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Jervell and Lange-Nielsen Syndrome

Abstract

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NORD is very grateful to Theresa Lai, NORD Editorial Intern from the University of Notre Dame, and Professor Lisbeth Tranebjærg, MD, PhD, Department of Audiology, Bispebjerg Hospital, Copenhagen, Denmark, for assistance in the preparation of this report.

Synonyms of Jervell and Lange-Nielsen Syndrome

  • autosomal recessive long QT syndrome (LQTS)
  • cardioauditory syndrome
  • cardioauditory syndrome of Jervell and Lange-Nielsen
  • deafness, congenital, and functional heart disease
  • Jervell and Lange-Nielsen (JLNS)
  • surdocardiac syndrome

Disorder Subdivisions

  • No subdivisions found.

General Discussion

Summary
Jervell and Lange-Nielsen syndrome (JLNS) is a rare inherited disorder characterized by deafness present at birth (congenital) occurring in association with abnormalities affecting the electrical system of the heart. The severity of cardiac symptoms associated with JLNS varies from case to case. Some individuals may have no apparent symptoms (asymptomatic); others may develop abnormally increased heartbeats (tachyarrhythmias) resulting in episodes of unconsciousness (syncope), cardiac arrest, and potentially sudden death. Physical activity, excitement, fright, or stress may trigger the onset of these symptoms. Fainting during the aforementioned activities is also a classic sign of JLNS. JLNS is usually detected during early childhood and is inherited as an autosomal recessive genetic disorder. More than half of the untreated cases of JLNS result in death before the age of 15.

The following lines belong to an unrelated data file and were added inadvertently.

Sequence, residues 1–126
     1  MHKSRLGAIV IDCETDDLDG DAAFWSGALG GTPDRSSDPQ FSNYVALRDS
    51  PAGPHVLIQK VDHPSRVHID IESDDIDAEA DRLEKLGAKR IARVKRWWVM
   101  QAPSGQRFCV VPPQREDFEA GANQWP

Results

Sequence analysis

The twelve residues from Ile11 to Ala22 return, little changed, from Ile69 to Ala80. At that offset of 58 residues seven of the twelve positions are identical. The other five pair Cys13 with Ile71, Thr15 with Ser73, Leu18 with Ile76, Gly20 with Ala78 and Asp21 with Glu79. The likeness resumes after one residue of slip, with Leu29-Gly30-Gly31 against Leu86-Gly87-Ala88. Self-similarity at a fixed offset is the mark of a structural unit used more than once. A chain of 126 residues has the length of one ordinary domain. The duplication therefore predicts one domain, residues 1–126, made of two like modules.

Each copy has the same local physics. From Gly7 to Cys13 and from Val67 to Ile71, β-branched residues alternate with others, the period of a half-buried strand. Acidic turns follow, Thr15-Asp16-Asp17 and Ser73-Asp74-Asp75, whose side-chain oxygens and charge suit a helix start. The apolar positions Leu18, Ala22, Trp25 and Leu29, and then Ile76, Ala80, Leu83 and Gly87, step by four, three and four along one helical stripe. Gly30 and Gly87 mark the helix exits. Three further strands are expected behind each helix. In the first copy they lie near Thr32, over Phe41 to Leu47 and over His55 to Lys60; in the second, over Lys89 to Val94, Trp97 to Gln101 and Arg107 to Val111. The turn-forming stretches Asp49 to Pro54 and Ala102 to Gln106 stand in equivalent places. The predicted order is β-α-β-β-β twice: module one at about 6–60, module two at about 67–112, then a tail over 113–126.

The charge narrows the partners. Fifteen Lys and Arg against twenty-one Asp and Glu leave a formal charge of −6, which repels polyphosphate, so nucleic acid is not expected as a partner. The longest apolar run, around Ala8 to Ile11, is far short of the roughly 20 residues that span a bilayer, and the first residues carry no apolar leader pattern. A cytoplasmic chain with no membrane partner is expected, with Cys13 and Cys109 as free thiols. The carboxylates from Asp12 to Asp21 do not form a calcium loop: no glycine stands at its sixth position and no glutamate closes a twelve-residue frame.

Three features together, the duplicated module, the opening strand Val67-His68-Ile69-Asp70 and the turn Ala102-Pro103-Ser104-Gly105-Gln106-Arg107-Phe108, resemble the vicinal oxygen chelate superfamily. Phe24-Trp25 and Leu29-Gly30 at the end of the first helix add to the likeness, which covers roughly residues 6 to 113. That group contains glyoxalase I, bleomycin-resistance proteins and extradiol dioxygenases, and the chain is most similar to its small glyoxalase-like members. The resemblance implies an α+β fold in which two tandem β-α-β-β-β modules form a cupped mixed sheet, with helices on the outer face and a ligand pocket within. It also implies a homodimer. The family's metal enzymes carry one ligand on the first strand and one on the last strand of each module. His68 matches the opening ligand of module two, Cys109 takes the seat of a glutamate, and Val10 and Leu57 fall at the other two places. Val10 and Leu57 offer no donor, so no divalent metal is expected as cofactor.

Introduction
Anton Jervell and Fred Lange-Nielsen provided the first complete description of the electrical conduction problem in the heart called long QT syndrome (LQTS) in 1957. LQTS refers to the QT-interval measured on the electrocardiogram that indicates that the heart muscle is taking longer than usual to recharge between beats. It predisposes those affected to tachyarrhythmias called torsade de pointes (TdP) which leads to syncope and may cause sudden cardiac death.

Organizations related to Jervell and Lange-Nielsen Syndrome

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